We all strive to produce photos that are perfect right out of the camera. Unfortunately, sometimes what comes out of the camera doesn't quite match what we envisioned when we pressed the shutter button. Here are some easy things you can do to improve your photos after the fact.

STEP 1: Crop The Image
It's best to get the framing right in...

Filed under
Text and photography by Mike Stensvold Posted: Dec 01, 2005 0 comments

We all strive to produce photos that are perfect right out of the camera. Unfortunately, sometimes what comes out of the camera doesn't quite match what we envisioned when we pressed the shutter button. Here are some easy things you can do to improve your photos after the fact.

STEP 1: Crop The Image
It's best to get the framing right in...

Filed under
Lynne Eodice Posted: Mar 01, 2003 0 comments

All Images by Greg Vander Houwen

Greg Vander Houwen describes himself as "an artist by nature; illustrator by trade"--one who often incorporates photography into his digital art. As he puts it, "My primary business is commercial illustration and user interface design." Vander Houwen believes that photography is a limited term these days, and...

Howard Millard Posted: Nov 24, 2014 0 comments

Yes, you know that the tools and filters in Adobe Photoshop and Elements can do many amazing things, but did you know that they can empower you to make your own planets? If you have yearned to create and rule your own worlds (and who hasn’t?), then pull up some of your images and fire up Elements or Photoshop. We are going to create a galaxy of new worlds.

Filed under
Jack Neubart Posted: Sep 28, 2015 0 comments
A colorful dragonfly alighted on a tree branch adjacent to the patio, so I went inside to grab my Nikon D300 and attached a Tamron 70-300mm lens. With strong backlighting, flash fill was mandatory, so I added an SB-900 speedlight to the mix.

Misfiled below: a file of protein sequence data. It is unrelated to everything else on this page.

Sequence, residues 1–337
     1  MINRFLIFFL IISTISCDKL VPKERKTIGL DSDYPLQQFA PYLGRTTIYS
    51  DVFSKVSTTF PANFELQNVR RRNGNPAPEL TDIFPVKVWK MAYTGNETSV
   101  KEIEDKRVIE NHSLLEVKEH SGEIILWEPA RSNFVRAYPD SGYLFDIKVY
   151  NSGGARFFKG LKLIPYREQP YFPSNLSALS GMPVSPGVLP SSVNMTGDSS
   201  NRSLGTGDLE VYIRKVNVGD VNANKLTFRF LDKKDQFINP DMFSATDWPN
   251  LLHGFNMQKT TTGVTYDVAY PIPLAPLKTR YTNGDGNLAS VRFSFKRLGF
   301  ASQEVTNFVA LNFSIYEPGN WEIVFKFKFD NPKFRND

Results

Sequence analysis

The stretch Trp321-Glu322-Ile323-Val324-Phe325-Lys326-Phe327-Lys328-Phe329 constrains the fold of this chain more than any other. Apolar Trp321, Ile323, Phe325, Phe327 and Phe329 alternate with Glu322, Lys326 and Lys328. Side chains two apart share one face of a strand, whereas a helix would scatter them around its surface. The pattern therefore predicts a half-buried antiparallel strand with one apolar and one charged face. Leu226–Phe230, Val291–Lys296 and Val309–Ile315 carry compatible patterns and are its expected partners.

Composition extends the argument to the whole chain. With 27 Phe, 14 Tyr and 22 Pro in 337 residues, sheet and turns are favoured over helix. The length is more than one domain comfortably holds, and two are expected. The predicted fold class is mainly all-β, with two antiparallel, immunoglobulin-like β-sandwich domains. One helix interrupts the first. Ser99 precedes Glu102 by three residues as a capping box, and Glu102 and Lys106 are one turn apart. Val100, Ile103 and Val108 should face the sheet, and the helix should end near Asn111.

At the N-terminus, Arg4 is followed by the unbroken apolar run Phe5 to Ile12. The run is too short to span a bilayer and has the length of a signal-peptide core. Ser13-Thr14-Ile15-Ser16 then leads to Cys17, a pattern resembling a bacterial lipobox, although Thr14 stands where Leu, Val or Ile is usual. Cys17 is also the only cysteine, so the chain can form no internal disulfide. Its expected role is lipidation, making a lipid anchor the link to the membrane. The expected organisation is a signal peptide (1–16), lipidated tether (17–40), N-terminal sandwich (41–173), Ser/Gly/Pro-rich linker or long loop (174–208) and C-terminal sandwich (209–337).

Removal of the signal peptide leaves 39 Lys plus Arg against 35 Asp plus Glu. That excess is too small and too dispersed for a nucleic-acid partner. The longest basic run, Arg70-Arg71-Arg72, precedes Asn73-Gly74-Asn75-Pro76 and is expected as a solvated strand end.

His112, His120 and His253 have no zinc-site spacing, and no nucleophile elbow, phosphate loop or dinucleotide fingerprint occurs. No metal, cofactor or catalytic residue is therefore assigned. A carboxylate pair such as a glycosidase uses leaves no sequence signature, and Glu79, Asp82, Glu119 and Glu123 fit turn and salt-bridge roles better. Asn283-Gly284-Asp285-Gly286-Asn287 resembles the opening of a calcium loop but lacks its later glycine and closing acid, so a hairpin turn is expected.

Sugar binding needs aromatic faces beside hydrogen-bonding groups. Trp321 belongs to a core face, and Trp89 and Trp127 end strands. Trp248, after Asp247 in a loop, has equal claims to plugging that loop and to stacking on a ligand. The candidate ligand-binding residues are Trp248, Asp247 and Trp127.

Filed under
George Schaub Posted: Oct 26, 2015 0 comments
Software programs for imaging can be simple or complex. The complex ones offer a steep learning curve and allow you to refine images to your heart’s content. Simple programs, although complex under the hood, allow you to make quick choices to create a wide variety of looks. And while they can be used for “instant” art, they also allow for nuances that multiply your options a thousand fold, using sliders that modify each look from the menu. One such “simple” program is Alien Skin’s Snap Art 3 (www.alienskin.com, $199 or $99 for an upgrade from previous versions). This is a plug-in and a standalone program, which means it works within the architecture of Adobe’s Photoshop, Lightroom and Elements as well as other image processing programs so you can create Layers from the work that can be further refined (leading to many more options) or within Snap Art 3 alone.
Cynthia Boylan Posted: Nov 14, 2014 0 comments

Photoshop hall-of-famer, author and noted digital imaging pro Martin Evening recently updated this popular guide to include detailed instructions for the recent updates to Photoshop CC (Adobe’s Creative Cloud). The book includes a variety of new features such as: Focus Area selections, enhanced Content-Aware filling, Spin and Path Blur gallery effects.

Filed under
Mike Stensvold Posted: Mar 01, 2004 0 comments



Digital images—whether shot with digital cameras or scanned from negatives, slides or prints—generally can stand some improving. Here are some tips that will improve many of your images noticeably. Keep in mind, though, that digital image-editing isn't magic: Just as with film, you can't add detail that isn't there, or make a sharp image out of one that'so...

Pages

X
Enter your Shutterbug username.
Enter the password that accompanies your username.
Loading